The best source of large number of smaller meter sized rocks aligned in a long line is the rings of Saturn nearby. Since the moon is tidally locked to Saturn, and its orbit is oblique, if it passes the rings it would possibly pass at the same angle and same orientation every time. If it keeps picking up stuff from the rings, it could provide the source rocky rain drops all meter size or smaller that all will accumulate at the same place. It gels with their theory. Need to go back and read to see if they were speculating the rings to be the "source" of mountain that fell from the sky.

Medium.com total fail (0)

Crass Spektakel (4597) | about 5 months ago | (#46771497)

OMG that medium.com site is exceptionally hard to read. giant font, 90% empty screen. Butt Ugly.

I will avoid this shit as much as possible.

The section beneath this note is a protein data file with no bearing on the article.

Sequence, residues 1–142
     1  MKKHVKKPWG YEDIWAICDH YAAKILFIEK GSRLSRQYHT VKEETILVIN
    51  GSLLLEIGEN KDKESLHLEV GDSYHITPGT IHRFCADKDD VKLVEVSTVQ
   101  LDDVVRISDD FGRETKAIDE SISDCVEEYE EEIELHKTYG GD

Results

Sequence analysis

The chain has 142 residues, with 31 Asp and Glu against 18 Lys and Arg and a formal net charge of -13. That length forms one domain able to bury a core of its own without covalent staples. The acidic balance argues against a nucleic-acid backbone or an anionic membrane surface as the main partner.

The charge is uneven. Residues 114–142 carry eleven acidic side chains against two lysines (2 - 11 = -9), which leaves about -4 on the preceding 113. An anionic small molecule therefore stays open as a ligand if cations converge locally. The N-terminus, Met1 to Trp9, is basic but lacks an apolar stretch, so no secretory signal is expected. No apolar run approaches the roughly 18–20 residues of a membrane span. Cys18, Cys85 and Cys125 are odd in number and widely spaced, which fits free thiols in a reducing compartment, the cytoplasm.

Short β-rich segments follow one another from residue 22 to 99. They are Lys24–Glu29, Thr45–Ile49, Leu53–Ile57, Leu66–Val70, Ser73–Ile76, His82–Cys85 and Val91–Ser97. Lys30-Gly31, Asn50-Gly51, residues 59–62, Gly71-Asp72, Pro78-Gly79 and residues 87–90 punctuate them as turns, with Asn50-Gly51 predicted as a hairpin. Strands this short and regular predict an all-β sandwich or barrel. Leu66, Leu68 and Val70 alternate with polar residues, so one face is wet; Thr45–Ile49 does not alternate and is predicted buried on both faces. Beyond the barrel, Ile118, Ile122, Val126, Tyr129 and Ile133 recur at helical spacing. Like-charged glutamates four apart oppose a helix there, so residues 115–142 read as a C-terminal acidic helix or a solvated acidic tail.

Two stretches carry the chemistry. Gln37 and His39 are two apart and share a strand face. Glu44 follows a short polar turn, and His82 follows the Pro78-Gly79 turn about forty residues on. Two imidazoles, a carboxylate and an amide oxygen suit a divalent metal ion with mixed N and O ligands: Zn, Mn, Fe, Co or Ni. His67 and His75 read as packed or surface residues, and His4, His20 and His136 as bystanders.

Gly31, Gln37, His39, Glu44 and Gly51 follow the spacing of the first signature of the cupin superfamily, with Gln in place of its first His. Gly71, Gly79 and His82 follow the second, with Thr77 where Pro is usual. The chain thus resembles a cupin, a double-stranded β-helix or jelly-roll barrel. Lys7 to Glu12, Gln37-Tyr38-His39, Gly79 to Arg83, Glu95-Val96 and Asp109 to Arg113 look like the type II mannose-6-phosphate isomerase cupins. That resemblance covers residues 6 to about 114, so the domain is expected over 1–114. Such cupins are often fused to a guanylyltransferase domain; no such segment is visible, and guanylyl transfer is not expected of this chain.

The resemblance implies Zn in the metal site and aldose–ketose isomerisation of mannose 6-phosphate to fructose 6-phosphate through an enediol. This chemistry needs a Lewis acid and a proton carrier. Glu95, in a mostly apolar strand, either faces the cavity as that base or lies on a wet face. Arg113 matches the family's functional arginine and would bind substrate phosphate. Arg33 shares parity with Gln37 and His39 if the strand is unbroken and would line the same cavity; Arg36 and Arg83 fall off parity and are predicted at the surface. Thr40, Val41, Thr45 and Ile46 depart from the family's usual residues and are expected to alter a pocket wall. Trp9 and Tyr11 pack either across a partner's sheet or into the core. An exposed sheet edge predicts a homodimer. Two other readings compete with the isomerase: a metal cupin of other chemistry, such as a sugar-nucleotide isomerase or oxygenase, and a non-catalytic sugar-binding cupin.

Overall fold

Re:Medium.com total fail (1)

wonkey_monkey (2592601) | about 5 months ago | (#46772433)

If only.

It seems to be catching on around teh interwebs.

It's a parting line (0)

Anonymous Coward | about 5 months ago | (#46772831)

from the moon mold, obviously.

Roche limit (1)

micahraleigh (2600457) | about 5 months ago | (#46773731)

The summary seems to reflect the way 2 bodies in space interact when they pass the Roche limit and the smaller body dissolves due to tidal forces.

Or (1)

koan (80826) | about 5 months ago | (#46774099)

Since it's composed of ice something from the center, (water) ejected leaving a cavity and the 2 halves "pinched" and extruded a ridge.

Plea to God (1)

Tablizer (95088) | about 5 months ago | (#46776517)

Do it again, do it again!

have a nice day www.blossomsquare.com (1)

Blossom Square (3608145) | about 5 months ago | (#46778109)

Astronomers think that early in its life, Iapetus must have been hit by another moon, sending huge volumes of ejecta into orbit. Some of this condensed into a new moon that escaped into space.

"Iapetus, Saturn's third largest moon, was first p (1)

Blossom Square (3608145) | about 5 months ago | (#46778267)

"Iapetus, Saturn's third largest moon, was first photographed by the Cassini spacecraft on 31 December 2004. The images created something of a stir. good job blossomsquare.com